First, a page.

Assessment of climate-driven variations in malaria incidence in Swaziland

toward malaria elimination

Ting Wu Chuang, Adam Soble, Nyasatu Ntshalintshali, Nomcebo Mkhonta, Eric Seyama, Steven Mthethwa, Deepa Pindolia, Simon Kunene

Research output: Contribution to journalArticle

3 Citations (Scopus)

Abstract

Background: Swaziland aims to eliminate malaria by 2020. However, imported cases from neighbouring endemic countries continue to sustain local parasite reservoirs and initiate transmission. As certain weather and climatic conditions may trigger or intensify malaria outbreaks, identification of areas prone to these conditions may aid decision-makers in deploying targeted malaria interventions more effectively. Methods: Malaria case-surveillance data for Swaziland were provided by Swaziland’s National Malaria Control Programme. Climate data were derived from local weather stations and remote sensing images. Climate parameters and malaria cases between 2001 and 2015 were then analysed using seasonal autoregressive integrated moving average models and distributed lag non-linear models (DLNM). Results: The incidence of malaria in Swaziland increased between 2005 and 2010, especially in the Lubombo and Hhohho regions. A time-series analysis indicated that warmer temperatures and higher precipitation in the Lubombo and Hhohho administrative regions are conducive to malaria transmission. DLNM showed that the risk of malaria increased in Lubombo when the maximum temperature was above 30 °C or monthly precipitation was above 5 in. In Hhohho, the minimum temperature remaining above 15 °C or precipitation being greater than 10 in. might be associated with malaria transmission. Conclusions: This study provides a preliminary assessment of the impact of short-term climate variations on malaria transmission in Swaziland. The geographic separation of imported and locally acquired malaria, as well as population behaviour, highlight the varying modes of transmission, part of which may be relevant to climate conditions. Thus, the impact of changing climate conditions should be noted as Swaziland moves toward malaria elimination.

Original languageEnglish
Article number232
JournalMalaria Journal
Volume16
Issue number1
DOIs
Publication statusPublished - Jun 1 2017

Fingerprint

Swaziland
Climate
Malaria
Incidence
Nonlinear Dynamics
Weather
Temperature
Decision Support Techniques

Keywords

  • Climate variations
  • Malaria elimination
  • Swaziland

ASJC Scopus subject areas

  • Parasitology
  • Infectious Diseases

Cite this

Assessment of climate-driven variations in malaria incidence in Swaziland : toward malaria elimination. / Chuang, Ting Wu; Soble, Adam; Ntshalintshali, Nyasatu; Mkhonta, Nomcebo; Seyama, Eric; Mthethwa, Steven; Pindolia, Deepa; Kunene, Simon.

In: Malaria Journal, Vol. 16, No. 1, 232, 01.06.2017.

Research output: Contribution to journalArticle

Chuang, TW, Soble, A, Ntshalintshali, N, Mkhonta, N, Seyama, E, Mthethwa, S, Pindolia, D & Kunene, S 2017, 'Assessment of climate-driven variations in malaria incidence in Swaziland: toward malaria elimination', Malaria Journal, vol. 16, no. 1, 232. https://doi.org/10.1186/s12936-017-1874-0
Chuang, Ting Wu ; Soble, Adam ; Ntshalintshali, Nyasatu ; Mkhonta, Nomcebo ; Seyama, Eric ; Mthethwa, Steven ; Pindolia, Deepa ; Kunene, Simon. / Assessment of climate-driven variations in malaria incidence in Swaziland : toward malaria elimination. In: Malaria Journal. 2017 ; Vol. 16, No. 1.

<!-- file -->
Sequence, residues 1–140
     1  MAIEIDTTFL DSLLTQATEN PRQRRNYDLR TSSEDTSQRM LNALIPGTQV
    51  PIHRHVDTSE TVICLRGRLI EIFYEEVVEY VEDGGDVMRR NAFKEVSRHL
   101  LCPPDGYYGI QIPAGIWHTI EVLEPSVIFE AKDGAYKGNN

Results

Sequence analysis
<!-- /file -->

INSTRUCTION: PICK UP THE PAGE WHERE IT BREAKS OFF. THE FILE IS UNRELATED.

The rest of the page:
@article{dec828bb0a1b49a598512a9843ae386b,
title = "Assessment of climate-driven variations in malaria incidence in Swaziland: toward malaria elimination",
abstract = "Background: Swaziland aims to eliminate malaria by 2020. However, imported cases from neighbouring endemic countries continue to sustain local parasite reservoirs and initiate transmission. As certain weather and climatic conditions may trigger or intensify malaria outbreaks, identification of areas prone to these conditions may aid decision-makers in deploying targeted malaria interventions more effectively. Methods: Malaria case-surveillance data for Swaziland were provided by Swaziland’s National Malaria Control Programme. Climate data were derived from local weather stations and remote sensing images. Climate parameters and malaria cases between 2001 and 2015 were then analysed using seasonal autoregressive integrated moving average models and distributed lag non-linear models (DLNM). Results: The incidence of malaria in Swaziland increased between 2005 and 2010, especially in the Lubombo and Hhohho regions. A time-series analysis indicated that warmer temperatures and higher precipitation in the Lubombo and Hhohho administrative regions are conducive to malaria transmission. DLNM showed that the risk of malaria increased in Lubombo when the maximum temperature was above 30 °C or monthly precipitation was above 5 in. In Hhohho, the minimum temperature remaining above 15 °C or precipitation being greater than 10 in. might be associated with malaria transmission. Conclusions: This study provides a preliminary assessment of the impact of short-term climate variations on malaria transmission in Swaziland. The geographic separation of imported and locally acquired malaria, as well as population behaviour, highlight the varying modes of transmission, part of which may be relevant to climate conditions. Thus, the impact of changing climate conditions should be noted as Swaziland moves toward malaria elimination.",